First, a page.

Elder Law Clinic Seminar and Workshop
Students work on actual cases involving guardianship proceedings. After the guardianship proceeding is initiated, the court must appoint a “court evaluator” to investigate the case. The evaluator recommends in writing an appropriate disposition. Under certain circumstances the court may appoint an attorney to represent the “alleged incapacitated person” (AIP). Students in the Clinic may assist in carrying out the responsibilities of the court evaluator or the court appointed attorney. Each student works under the direct supervision of an experienced practicing attorney serving as evaluator or the AIP’s attorney. Professors Strauss and Grosberg will recruit, consult, and closely monitor the work of these attorneys and of each student. Student tasks are likely to include assisting in interviewing the petitioner, the AIP, and witnesses; drafting court papers; researching and preparing memos; counseling the AIP (when the appointed lawyer is serving as counsel to the AIP); appearing in court; interviewing and coordinating the work of any medical or social services providers involved in the case; and preparing the court evaluator’s report.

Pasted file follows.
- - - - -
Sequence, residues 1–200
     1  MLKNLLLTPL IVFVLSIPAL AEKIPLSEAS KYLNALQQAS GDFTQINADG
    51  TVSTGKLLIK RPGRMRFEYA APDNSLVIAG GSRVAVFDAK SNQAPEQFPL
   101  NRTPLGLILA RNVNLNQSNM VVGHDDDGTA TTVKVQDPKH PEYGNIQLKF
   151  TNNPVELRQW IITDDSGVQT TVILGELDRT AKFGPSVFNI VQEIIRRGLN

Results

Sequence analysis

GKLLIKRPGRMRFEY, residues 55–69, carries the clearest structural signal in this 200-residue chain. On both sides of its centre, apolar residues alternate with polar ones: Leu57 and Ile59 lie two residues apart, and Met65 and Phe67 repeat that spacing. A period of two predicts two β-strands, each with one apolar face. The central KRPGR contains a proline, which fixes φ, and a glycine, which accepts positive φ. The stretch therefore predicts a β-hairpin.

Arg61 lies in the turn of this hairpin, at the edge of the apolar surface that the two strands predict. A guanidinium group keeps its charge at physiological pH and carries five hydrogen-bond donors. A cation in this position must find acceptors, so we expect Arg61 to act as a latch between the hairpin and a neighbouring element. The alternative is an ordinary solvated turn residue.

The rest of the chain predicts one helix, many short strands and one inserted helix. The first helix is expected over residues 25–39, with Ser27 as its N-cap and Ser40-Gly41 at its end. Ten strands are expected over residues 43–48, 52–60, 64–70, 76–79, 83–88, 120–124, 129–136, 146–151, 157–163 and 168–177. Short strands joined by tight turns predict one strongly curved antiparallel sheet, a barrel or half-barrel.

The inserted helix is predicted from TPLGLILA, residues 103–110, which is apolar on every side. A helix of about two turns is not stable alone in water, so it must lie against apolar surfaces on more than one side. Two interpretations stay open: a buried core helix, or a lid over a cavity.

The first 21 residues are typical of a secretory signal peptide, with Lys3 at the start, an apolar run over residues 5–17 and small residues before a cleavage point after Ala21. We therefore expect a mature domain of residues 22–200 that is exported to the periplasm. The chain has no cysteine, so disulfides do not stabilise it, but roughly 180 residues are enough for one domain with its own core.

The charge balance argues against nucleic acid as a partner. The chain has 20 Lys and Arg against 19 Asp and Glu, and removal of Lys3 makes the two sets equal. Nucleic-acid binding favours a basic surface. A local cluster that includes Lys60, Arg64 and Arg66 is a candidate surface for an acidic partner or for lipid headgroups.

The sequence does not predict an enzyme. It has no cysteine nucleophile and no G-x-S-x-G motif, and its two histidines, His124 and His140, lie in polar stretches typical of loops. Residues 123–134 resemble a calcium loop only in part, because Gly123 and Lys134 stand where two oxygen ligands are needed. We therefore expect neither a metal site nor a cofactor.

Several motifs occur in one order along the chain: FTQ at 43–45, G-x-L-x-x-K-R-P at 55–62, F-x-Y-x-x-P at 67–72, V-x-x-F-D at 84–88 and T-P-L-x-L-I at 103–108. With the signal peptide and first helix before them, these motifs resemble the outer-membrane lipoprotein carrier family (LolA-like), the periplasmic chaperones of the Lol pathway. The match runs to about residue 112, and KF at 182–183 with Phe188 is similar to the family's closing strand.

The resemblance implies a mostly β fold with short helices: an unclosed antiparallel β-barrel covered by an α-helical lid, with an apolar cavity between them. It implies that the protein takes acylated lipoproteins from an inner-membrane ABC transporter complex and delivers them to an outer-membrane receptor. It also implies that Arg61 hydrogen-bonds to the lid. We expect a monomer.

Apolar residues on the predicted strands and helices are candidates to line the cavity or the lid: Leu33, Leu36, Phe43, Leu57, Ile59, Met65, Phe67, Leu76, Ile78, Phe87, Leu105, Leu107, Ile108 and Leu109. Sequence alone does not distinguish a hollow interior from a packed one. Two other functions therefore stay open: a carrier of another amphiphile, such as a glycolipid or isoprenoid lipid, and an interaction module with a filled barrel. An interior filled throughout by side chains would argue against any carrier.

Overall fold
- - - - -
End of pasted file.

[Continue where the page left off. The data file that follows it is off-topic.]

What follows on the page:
Students study the applicable substantive, procedural, and ethical rules governing guardianship proceedings, and are assigned readings and simulation exercises relevant to the interviewing, investigating, and counseling tasks that arise in these kinds of cases. Professors Strauss and Grosberg conduct the seminars. A two-hour seminar meets weekly. In addition to meeting with the group and each student with his or her supervising lawyer, the professors are also available to meet with students as needed at the law school. Students should expect to spend from 12-15 hours per week on Clinic work. There are no prerequisites. 2 seminar credits are graded and 2 field credits receive a pass/fail grade. A paper is required; this requirement may be satisfied by case-related work at the discretion of the professors.